http://singing.indigenousknowledge.org/home/contents
The above link is to a 1989 publication entitled “Singing the Land,  Signing the Land” by Helen Watson,  the Yolngu community at Yirrkala, and David Wade Chambers.

Their theme is the difference between Aboriginal and European knowledge systems and the interaction between them,  the latter described as being guided by the spirit of ganma1.  The authors’ work was with a Yolngu community and they recognize the degree to which extrapolation to other aboriginal communities may not be valid.  However their work throws an interesting perspective on the degree to which European thought (and linguistic expression) may be said to have been “corralled” into disciplined lines of measurement, categorisation,  logic and media.  Yolngu expression and thought appears to focus more on the linkages among items and their connection to the environment.

To illustrate their thinking they examine texts “concerned with one plant, the Cycad, a Palm-like tree that occurs in eucalypt forests around most of the coastal perimeter of Australia. Yolngu people produce texts about cycads in several forms: dance sequences, songs and graphic representations. Westerners produce scientific texts about cycads”.

Not only is the method of expression different but the occasion for expression is also.  To quote again from the book “ the most important texts in Yolngu life are produced as part of buŋgul, a term which is loosely translated into English as ‘ceremony’ or ‘business’”.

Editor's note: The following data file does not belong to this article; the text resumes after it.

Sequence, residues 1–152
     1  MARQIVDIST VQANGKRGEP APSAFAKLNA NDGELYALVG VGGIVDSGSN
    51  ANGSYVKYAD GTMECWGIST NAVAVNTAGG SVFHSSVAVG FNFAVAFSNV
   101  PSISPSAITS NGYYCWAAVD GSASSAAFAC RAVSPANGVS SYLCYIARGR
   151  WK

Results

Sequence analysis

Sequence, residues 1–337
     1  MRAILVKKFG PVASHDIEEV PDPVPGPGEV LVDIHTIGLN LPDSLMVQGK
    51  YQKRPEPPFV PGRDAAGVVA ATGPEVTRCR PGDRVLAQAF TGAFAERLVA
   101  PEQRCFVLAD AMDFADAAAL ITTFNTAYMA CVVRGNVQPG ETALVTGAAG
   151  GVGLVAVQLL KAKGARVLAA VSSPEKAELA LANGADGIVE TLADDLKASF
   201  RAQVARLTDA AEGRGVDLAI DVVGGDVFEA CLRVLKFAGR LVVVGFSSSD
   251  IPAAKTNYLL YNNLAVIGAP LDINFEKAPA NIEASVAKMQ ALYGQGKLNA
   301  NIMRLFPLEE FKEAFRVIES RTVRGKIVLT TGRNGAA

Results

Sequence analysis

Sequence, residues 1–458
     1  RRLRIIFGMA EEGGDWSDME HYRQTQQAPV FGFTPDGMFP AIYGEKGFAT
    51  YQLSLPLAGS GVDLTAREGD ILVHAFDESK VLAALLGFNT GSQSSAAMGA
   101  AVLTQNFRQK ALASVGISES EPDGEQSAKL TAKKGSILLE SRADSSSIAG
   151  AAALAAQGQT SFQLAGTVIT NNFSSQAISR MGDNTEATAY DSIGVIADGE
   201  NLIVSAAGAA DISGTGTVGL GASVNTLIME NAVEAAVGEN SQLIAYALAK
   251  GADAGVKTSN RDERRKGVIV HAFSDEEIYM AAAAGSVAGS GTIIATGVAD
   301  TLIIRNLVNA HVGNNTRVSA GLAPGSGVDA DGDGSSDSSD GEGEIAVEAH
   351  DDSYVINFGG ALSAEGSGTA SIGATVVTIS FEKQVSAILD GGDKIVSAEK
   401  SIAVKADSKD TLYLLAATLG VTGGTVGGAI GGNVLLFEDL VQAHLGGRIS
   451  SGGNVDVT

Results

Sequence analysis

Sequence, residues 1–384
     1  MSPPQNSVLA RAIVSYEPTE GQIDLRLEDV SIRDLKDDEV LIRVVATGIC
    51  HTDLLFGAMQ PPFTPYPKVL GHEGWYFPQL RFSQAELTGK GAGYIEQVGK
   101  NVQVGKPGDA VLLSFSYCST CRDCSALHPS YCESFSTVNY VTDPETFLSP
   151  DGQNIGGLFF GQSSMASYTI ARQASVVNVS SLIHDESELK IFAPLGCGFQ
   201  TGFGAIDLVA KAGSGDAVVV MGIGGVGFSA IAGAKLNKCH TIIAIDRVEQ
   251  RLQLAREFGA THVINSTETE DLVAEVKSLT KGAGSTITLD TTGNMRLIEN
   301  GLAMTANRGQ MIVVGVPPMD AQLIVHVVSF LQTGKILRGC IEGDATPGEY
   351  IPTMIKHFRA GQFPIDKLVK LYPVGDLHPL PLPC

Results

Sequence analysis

The book “Disputed Territories, Land Culture and Identity in Settler Territories” (Hong Kong University Press, 2003) contains a chapter by Neville White (who is well known to the writer and has worked with the Yolngu since the early 1970’s)  entitled “Meaning and Metaphor in Yolngu landscapes, Arnhem Land, northern Australia”. Inter alia White discusses (page 188/9) the differences between the two cultures in the understanding of nature and human perception,  seen separately in the European knowledge system but as an indivisible whole by the Yolngu.  White discusses the resulting problems in expressing concepts of land and environment in the two systems.

Both these works illustrate further a point made during this course,  namely the degree to which achieving understanding between European and Aboriginal culture is made more difficult by the inherently different conceptual frameworks but at the same time the way in which better understanding of “wholeness of the environment” inherent to aboriginal thinking is important in a continent in which the environment has been placed under heavy strain by the activities of its newer inhabitants.

Note 1.  Ganma is a Yolngu expresson referring to the meeting and mixing of two streams and applied here metaphorically to the two knowledge sytems.  It is described more fully in the paper

Peter Duncan LING566

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